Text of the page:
This morning, I went to go to the dentist. I’ve known that there has been something wrong with my teeth for a while, but since we’ve been bereft of dental insurance for quite a while I’ve put it off. When I finally got a new insurance plan in October that allowed me to sign up for dental, I jumped at the chance. But what with all that pesky new-baby-having and Thanksgiving hysteria and Christmas traveling, I’ve put off the actual moment of reckoning. Then last week one of my teeth, which had been hurting off and on for a few months, suddenly went into full-blown panic mode and shot pain all over the left side of my mouth and up into my jaw. So I bit the bullet (figuratively, since I wasn’t biting anything in reality) and made an appointment.
Most fortuitously my primary care doctor prescribed a ludicrous amount of pain medication for me when I broke my toe, so I didn’t have to suffer too much until my appointment. And this morning it was with many prayers for an inexpensive, easily-solved problem that I took off to see a brand-new dentist.
Ominous signals went up before I even left my house. I got a phone call as I was gathering insurance cards and random paperwork. The dentist’s office was calling because they couldn’t figure out my benefits and my insurance company refused to tell them what was covered and what wasn’t. That’s weird, I thought to myself. And annoying. “”But not to worry”, the receptionist assured me. “Just bring in a copy of your benefits guide and we’ll figure it out.”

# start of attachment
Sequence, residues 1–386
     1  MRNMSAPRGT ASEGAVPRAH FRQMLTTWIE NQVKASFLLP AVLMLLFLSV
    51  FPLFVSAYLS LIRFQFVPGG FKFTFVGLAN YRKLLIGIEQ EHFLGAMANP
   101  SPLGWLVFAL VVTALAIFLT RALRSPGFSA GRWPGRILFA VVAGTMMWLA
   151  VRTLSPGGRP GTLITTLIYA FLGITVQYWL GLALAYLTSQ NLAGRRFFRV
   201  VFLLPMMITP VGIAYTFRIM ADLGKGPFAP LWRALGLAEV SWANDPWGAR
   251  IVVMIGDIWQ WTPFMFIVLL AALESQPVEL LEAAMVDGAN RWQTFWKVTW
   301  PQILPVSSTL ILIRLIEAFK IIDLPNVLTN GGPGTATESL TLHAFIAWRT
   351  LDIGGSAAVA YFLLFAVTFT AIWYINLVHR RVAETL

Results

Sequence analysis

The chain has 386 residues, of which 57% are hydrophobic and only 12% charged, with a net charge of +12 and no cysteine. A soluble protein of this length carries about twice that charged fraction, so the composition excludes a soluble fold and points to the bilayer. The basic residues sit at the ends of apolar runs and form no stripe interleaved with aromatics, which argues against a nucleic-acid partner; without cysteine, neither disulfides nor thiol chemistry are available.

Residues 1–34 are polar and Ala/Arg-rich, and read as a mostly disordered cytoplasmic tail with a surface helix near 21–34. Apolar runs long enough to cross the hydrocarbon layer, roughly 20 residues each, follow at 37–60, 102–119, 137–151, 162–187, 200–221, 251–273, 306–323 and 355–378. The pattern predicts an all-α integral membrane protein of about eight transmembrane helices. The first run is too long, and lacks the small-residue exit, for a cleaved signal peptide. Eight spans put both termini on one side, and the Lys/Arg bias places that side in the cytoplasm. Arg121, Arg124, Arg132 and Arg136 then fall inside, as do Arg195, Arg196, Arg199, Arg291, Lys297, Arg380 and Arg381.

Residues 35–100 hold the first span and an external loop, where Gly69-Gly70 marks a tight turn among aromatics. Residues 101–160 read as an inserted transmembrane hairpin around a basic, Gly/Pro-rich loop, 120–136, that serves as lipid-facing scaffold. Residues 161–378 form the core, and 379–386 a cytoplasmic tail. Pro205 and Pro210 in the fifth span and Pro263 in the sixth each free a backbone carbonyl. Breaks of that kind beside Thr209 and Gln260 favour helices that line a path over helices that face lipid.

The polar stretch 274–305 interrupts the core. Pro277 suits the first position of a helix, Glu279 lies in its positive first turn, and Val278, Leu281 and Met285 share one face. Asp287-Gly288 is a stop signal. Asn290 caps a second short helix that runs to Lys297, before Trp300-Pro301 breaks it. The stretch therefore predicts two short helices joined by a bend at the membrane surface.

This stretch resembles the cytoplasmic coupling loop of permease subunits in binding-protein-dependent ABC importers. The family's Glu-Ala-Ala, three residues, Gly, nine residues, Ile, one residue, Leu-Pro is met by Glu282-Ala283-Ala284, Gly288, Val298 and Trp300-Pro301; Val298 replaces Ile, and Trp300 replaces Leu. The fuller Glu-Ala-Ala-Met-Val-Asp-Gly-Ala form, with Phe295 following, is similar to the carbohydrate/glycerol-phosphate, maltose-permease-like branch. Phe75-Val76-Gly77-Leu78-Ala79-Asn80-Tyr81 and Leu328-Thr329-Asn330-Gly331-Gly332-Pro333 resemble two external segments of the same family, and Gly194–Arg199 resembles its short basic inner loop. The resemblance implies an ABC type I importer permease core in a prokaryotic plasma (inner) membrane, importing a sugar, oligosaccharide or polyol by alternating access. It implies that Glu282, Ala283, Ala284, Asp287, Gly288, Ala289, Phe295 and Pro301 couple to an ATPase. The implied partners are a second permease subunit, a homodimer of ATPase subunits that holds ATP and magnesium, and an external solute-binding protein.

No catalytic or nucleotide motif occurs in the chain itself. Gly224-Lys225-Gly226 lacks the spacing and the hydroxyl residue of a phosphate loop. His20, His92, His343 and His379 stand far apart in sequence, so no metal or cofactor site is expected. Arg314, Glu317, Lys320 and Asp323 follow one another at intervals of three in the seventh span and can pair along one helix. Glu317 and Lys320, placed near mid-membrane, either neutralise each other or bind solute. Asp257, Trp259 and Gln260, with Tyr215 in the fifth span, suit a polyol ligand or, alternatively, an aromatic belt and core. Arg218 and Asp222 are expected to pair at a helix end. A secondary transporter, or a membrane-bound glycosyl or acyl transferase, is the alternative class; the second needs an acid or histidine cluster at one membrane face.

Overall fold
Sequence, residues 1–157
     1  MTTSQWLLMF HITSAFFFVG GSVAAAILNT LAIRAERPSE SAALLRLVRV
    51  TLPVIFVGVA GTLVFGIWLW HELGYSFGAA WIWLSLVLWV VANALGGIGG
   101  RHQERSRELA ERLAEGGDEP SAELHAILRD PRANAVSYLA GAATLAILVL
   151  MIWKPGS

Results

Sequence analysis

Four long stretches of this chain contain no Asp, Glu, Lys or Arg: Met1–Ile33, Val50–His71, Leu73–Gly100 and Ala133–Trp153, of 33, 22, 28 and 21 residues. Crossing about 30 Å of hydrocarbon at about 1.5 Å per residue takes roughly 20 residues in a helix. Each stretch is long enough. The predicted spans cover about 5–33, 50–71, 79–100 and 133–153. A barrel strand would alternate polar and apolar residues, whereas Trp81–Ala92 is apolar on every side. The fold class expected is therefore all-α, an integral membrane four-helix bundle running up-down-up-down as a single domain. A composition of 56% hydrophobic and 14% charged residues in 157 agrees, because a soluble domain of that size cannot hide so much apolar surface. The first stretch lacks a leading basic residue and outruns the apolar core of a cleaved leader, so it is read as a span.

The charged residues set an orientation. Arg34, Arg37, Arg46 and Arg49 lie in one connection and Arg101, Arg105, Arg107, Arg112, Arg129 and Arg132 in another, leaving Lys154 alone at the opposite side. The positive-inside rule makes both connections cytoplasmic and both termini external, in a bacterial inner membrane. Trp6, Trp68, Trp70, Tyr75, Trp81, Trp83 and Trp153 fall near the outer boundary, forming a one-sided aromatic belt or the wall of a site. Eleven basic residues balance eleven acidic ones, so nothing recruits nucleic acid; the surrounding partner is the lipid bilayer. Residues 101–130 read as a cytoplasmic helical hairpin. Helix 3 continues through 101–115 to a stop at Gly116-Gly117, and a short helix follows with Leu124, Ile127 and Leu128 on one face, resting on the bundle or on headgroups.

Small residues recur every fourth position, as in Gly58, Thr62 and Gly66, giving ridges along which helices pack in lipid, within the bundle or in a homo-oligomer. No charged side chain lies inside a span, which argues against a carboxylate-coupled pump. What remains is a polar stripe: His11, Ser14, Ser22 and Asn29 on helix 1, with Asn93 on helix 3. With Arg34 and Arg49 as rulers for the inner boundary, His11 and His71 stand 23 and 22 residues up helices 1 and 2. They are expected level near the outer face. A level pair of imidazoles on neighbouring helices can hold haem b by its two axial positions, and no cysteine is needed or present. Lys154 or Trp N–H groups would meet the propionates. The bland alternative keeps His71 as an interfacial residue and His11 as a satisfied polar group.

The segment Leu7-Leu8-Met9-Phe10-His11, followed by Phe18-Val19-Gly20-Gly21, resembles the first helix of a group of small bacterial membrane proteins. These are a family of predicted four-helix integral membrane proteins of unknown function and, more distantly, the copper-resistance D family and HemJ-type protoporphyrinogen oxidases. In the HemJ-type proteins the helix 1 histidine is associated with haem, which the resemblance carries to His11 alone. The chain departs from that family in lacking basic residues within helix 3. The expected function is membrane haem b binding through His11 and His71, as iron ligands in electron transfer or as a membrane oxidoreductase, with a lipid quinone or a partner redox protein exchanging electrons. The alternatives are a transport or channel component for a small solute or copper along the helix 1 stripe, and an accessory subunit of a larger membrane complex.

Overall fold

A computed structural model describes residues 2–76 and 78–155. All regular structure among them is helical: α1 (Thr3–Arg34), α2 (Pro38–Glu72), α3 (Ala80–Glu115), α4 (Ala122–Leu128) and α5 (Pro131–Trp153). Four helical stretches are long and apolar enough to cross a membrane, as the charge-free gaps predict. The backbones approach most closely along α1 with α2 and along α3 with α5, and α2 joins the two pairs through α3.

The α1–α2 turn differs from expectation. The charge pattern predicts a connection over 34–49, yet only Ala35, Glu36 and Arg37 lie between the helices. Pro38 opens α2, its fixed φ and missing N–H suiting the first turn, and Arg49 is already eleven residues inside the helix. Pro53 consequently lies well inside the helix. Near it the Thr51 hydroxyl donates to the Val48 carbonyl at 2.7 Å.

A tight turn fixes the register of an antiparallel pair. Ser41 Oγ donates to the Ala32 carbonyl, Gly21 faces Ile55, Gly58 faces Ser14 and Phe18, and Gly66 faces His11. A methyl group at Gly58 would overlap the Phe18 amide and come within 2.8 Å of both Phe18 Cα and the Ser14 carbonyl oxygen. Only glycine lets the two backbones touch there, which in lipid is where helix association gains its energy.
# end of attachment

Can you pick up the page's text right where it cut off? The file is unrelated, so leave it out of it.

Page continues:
Luckily the Ogre and I have been cleaning out and re-organizing our black hole of a study, so the benefits guide was actually out in plain sight. I grabbed it and took off, with only a medium amount of trepidation in my thoughts.
I loved the office when I got there. The receptionist was friendly and the dentist was actually right there, in and out of the waiting area instead of shut up in the back. It was all very open and nice. Plus, one of the girls who works there had an adorable little toddler in tow, so I felt right at home.
The receptionist and I began to go through the benefits guide. Then she got my insurance company on the phone to clarify some things. As it turns out, the insurance company imposed a six-month waiting period on any major dental work, and a twelve-month waiting period on any form of surgery.
Without telling me. Nowhere in anything I read or signed was this made public. Additionally, although we have been paying for this dental insurance for well over four months, their official records show that my coverage began January 1.
At this point I’m furious, but hopeful that whatever mutiny my teeth are mounting can be controlled for at least a few months.
So the doctor comes out to get me, introduces himself with a handshake (I’m always very impressed when doctors do this) and does a full set of X-rays. For which I had to take out my nose ring, much to my chagrin.